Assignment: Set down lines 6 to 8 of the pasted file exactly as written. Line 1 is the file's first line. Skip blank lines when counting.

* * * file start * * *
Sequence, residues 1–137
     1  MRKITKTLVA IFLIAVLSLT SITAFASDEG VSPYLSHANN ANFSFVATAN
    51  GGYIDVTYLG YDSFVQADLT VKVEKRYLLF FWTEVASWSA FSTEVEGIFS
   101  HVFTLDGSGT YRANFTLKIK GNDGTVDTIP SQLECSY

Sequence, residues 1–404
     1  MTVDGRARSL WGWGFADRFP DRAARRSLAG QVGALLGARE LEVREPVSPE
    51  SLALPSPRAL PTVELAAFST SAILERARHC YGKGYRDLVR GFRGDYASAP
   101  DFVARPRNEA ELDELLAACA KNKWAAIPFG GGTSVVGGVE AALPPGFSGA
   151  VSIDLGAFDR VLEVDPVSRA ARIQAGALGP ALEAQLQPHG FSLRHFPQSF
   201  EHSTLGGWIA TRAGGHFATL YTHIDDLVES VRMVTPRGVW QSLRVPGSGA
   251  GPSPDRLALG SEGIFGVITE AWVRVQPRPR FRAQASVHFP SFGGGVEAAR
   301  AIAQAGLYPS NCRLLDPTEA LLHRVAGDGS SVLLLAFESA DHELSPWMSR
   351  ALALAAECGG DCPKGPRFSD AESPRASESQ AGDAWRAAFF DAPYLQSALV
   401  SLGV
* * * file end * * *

     1  MTVDGRARSL WGWGFADRFP DRAARRSLAG QVGALLGARE LEVREPVSPE
    51  SLALPSPRAL PTVELAAFST SAILERARHC YGKGYRDLVR GFRGDYASAP
   101  DFVARPRNEA ELDELLAACA KNKWAAIPFG GGTSVVGGVE AALPPGFSGA